Meanwhile, though, there’s a lot of acting-out to do. Each night’s shift brings Frank a different partner, in increasing order of derangement. Thursday is Larry (John Goodman), who just wants to put in his time, eat regularly and move to Long Island. Friday is Marcus (Ving Rhames), a man with joyful passion for the job. He drives an ambulance the way a Pentecostalist preaches, for the same purpose and with the same recklessness. Full-moon Saturday belongs to Tom (Tom Sizemore), a guy who truly enjoys being around blood–and when it doesn’t pour on the streets, he’ll take the initiative in letting some.
Exposition, development, climax: When a film about suffering and redemption does not merely rely on such a structure but flaunts it before you, the gain ought to be a sense of inevitability. You feel deep forces working through the characters, and their power moves you, too. But Bringing Out the Dead is a film of surfaces. Goodman, an actor who can bring immense gifts to his roles, is used here just for his face and body, as if he were no more than a signboard for the Working Stiff. Rhames looks splendid with a mustache and a wavy wig–he resembles a fleshy, black Clark Gable–but the part would turn into an embarrassment if he didn’t take such lip-smacking pleasure in it. The role is a mixture of Soul Daddy and Preacher Man, best suited to a skit on Saturday Night Live. As for Sizemore’s Psycho, he does what he can, considering that all he’s been asked to do is slaver and pop his eyes.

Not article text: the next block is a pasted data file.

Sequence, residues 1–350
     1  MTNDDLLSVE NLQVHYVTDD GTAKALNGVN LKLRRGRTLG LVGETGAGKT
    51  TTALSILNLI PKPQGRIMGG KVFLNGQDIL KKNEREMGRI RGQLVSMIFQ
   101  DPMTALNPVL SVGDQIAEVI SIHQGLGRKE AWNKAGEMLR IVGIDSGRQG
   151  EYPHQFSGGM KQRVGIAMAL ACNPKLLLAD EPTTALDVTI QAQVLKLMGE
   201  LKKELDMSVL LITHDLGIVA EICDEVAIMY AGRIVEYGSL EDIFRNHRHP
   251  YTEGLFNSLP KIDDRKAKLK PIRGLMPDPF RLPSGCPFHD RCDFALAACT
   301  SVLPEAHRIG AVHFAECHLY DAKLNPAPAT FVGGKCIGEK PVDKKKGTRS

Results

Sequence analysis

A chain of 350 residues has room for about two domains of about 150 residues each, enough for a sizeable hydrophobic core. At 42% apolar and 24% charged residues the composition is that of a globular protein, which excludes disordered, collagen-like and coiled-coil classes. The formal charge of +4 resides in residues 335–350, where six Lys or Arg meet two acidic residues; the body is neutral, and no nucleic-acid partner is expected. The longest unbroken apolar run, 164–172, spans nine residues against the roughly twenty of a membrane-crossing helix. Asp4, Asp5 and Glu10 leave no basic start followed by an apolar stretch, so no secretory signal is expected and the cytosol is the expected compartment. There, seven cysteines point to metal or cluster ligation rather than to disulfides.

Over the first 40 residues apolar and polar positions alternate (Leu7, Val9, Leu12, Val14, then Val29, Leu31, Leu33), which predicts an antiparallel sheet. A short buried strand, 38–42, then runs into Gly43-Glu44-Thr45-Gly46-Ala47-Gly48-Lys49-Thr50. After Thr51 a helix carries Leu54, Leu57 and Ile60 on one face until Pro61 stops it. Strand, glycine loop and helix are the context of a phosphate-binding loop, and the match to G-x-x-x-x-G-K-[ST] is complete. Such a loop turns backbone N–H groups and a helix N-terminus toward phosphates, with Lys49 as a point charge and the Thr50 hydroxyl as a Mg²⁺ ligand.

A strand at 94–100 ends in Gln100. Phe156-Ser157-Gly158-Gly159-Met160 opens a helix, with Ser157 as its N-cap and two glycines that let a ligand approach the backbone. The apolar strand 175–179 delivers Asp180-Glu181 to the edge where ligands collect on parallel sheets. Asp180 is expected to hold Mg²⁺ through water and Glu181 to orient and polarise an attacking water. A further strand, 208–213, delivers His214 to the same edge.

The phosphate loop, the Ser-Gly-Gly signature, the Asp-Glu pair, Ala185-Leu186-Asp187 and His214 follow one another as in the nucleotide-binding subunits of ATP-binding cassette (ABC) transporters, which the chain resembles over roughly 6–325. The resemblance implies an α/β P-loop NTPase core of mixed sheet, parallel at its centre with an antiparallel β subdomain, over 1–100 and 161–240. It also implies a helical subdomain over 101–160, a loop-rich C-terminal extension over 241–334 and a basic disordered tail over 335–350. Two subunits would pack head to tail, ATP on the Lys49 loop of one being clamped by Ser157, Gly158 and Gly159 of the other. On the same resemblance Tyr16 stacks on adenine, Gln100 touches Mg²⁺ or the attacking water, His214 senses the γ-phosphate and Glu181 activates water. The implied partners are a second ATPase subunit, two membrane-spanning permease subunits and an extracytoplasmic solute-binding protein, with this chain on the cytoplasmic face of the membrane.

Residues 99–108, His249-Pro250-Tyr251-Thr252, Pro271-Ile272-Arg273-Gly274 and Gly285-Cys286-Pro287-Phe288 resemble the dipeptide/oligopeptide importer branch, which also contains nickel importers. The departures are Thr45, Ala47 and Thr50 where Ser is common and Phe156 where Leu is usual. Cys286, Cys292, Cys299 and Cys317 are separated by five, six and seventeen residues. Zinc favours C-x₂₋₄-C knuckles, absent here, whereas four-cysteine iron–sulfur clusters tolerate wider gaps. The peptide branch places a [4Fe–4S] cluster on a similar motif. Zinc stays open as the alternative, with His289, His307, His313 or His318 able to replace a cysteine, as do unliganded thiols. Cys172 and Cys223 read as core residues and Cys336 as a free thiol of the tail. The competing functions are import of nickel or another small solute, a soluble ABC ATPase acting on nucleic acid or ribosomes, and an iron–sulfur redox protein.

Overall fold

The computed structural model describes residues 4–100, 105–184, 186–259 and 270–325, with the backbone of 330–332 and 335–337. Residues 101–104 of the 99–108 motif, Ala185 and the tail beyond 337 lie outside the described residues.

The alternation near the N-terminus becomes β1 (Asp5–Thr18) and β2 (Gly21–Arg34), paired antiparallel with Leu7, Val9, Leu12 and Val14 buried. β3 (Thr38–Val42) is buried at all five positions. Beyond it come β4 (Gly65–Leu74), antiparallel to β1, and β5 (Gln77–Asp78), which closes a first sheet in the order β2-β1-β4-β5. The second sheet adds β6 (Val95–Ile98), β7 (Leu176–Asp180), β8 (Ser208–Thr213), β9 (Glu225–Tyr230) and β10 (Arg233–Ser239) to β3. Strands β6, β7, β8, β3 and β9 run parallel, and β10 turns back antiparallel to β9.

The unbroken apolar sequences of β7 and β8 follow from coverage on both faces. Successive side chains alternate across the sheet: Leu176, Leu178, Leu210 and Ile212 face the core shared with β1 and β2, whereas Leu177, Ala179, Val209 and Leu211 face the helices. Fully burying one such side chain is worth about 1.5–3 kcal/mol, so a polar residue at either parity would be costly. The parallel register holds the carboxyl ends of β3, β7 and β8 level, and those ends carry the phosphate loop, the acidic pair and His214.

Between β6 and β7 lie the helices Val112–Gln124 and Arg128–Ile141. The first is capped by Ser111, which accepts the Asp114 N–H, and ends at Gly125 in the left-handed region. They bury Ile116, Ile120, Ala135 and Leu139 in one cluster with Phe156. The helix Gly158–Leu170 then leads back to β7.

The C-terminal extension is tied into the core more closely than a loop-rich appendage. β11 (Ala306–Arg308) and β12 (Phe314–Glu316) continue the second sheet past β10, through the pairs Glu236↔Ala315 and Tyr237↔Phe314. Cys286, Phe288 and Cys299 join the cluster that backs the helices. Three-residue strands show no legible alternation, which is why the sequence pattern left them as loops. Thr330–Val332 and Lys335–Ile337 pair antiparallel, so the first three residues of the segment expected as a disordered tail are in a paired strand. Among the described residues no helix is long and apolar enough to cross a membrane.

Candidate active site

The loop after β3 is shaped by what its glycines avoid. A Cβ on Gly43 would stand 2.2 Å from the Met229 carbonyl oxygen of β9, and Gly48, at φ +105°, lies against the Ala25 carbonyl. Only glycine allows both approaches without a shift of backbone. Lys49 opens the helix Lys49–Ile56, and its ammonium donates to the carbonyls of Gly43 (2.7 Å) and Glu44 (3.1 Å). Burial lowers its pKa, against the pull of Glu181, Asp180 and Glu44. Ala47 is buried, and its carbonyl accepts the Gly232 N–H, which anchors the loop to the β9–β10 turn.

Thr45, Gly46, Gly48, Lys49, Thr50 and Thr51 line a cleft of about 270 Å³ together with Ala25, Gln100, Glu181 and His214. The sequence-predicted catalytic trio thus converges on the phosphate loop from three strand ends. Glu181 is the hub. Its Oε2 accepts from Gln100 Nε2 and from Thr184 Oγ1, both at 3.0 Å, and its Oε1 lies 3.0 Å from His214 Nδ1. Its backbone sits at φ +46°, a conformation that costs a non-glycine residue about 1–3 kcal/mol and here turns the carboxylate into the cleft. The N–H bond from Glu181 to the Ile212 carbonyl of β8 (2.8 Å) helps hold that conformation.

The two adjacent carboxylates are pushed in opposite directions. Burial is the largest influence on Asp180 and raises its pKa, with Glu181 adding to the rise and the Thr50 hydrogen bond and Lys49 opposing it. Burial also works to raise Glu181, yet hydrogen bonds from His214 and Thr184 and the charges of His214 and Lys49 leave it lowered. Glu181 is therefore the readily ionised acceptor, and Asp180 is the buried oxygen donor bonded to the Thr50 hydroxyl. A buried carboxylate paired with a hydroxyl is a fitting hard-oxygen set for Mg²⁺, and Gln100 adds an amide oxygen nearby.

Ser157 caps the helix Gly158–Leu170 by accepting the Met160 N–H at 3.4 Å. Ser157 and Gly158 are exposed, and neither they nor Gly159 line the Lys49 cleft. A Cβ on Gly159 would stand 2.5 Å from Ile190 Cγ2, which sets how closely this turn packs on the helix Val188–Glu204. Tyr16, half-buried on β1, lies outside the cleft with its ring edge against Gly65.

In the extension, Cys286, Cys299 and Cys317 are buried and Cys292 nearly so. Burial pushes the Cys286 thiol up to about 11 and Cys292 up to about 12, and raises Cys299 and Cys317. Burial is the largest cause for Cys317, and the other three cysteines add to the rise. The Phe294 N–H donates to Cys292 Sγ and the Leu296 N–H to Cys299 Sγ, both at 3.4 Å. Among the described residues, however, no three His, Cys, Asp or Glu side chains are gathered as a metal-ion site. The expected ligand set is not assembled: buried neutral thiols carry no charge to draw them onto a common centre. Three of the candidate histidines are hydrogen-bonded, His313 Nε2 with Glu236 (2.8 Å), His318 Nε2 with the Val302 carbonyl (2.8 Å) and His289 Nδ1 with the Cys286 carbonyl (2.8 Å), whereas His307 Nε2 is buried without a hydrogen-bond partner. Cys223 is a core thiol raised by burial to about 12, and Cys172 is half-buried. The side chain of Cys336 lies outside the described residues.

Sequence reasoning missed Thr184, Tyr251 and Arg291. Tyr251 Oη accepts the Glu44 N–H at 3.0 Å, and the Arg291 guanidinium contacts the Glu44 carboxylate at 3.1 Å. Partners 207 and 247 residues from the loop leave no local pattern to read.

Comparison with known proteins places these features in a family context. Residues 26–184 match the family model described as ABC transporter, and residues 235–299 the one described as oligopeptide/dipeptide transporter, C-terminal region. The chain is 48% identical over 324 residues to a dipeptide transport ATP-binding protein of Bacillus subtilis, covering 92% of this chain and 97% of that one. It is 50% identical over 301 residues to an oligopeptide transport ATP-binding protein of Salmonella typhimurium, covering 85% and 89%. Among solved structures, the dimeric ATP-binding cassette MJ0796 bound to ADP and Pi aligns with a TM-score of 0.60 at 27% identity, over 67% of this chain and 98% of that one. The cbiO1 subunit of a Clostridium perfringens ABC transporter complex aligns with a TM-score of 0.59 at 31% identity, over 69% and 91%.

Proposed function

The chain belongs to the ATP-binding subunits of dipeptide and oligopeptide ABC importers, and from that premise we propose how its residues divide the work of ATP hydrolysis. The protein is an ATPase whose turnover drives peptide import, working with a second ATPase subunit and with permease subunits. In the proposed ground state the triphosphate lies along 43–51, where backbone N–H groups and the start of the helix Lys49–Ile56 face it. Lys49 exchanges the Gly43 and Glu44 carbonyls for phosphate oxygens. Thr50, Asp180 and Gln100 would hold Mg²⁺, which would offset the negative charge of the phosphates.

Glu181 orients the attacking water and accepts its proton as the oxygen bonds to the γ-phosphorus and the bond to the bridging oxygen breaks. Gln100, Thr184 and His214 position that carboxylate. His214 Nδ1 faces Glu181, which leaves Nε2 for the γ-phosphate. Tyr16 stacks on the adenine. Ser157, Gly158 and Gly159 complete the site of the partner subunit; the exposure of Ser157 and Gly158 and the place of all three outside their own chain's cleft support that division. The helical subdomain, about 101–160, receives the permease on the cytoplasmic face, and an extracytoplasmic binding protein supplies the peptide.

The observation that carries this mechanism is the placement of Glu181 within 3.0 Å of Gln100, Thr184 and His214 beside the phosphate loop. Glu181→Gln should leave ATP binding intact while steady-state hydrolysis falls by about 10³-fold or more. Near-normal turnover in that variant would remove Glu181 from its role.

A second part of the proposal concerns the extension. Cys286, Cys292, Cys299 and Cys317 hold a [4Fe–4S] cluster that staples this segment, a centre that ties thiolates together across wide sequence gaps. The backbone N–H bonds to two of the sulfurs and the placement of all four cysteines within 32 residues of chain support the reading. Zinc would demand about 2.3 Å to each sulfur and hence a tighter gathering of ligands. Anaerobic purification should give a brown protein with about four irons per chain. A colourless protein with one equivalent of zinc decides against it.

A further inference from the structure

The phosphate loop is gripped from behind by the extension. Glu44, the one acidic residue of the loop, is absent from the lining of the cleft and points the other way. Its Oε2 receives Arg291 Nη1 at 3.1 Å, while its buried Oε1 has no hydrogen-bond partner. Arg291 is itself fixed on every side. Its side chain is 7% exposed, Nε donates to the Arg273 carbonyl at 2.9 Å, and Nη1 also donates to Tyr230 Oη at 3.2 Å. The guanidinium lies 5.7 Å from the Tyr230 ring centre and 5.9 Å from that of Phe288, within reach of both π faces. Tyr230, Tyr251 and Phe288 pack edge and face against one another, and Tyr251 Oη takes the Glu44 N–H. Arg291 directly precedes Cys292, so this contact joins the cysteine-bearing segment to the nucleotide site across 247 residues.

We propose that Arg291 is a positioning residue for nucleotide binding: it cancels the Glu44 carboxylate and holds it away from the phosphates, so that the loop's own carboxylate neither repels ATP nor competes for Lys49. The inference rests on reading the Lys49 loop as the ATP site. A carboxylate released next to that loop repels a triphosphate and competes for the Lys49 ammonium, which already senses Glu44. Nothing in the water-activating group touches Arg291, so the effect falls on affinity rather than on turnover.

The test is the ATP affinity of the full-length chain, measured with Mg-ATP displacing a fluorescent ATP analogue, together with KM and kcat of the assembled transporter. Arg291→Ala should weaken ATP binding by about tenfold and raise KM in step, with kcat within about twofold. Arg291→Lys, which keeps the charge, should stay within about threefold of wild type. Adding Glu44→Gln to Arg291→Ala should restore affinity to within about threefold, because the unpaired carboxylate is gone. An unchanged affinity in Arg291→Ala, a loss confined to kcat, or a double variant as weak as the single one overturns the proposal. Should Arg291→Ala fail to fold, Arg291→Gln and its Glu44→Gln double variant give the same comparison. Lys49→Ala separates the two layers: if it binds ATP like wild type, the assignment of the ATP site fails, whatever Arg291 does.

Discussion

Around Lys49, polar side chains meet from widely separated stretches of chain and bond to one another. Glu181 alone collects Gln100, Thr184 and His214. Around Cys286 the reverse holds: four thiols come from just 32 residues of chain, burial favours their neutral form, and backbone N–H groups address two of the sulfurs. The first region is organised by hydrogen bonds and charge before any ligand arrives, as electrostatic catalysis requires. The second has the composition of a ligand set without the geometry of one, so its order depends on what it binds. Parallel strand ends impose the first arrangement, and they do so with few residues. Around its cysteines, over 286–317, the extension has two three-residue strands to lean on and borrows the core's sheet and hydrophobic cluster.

You might argue that these three figures seem cartoonish because they’re not meant to be characters at all, just projections of Frank’s inner selves. But then, you’d only be delaying the moment when you’d have to justify Frank.